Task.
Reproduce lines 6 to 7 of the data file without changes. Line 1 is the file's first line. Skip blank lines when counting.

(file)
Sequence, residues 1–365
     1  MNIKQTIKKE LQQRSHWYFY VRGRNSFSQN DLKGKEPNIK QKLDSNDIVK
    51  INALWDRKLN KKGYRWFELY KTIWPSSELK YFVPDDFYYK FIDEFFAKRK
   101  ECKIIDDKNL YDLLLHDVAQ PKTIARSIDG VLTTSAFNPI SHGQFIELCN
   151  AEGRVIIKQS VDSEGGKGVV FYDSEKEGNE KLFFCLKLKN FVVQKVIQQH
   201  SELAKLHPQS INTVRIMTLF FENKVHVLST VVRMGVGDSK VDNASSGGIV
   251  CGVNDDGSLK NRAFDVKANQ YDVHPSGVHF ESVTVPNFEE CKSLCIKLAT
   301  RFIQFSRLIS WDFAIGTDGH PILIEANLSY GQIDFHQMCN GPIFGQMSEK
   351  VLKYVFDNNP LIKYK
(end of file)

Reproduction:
   201  SELAKLHPQS INTVRIMTLF FENKVHVLST VVRMGVGDSK VDNASSGGIV
   251  CGVNDDGSLK NRAFDVKANQ YDVHPSGVHF ESVTVPNFEE CKSLCIKLAT